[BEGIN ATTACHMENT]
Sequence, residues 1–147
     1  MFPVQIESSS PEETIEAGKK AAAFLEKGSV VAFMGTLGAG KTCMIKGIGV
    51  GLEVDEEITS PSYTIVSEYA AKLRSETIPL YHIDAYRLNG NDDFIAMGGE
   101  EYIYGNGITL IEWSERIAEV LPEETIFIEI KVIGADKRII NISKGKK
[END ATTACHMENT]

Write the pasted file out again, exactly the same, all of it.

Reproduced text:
Sequence, residues 1–147
     1  MFPVQIESSS PEETIEAGKK AAAFLEKGSV VAFMGTLGAG KTCMIKGIGV
    51  GLEVDEEITS PSYTIVSEYA AKLRSETIPL YHIDAYRLNG NDDFIAMGGE
   101  EYIYGNGITL IEWSERIAEV LPEETIFIEI KVIGADKRII NISKGKK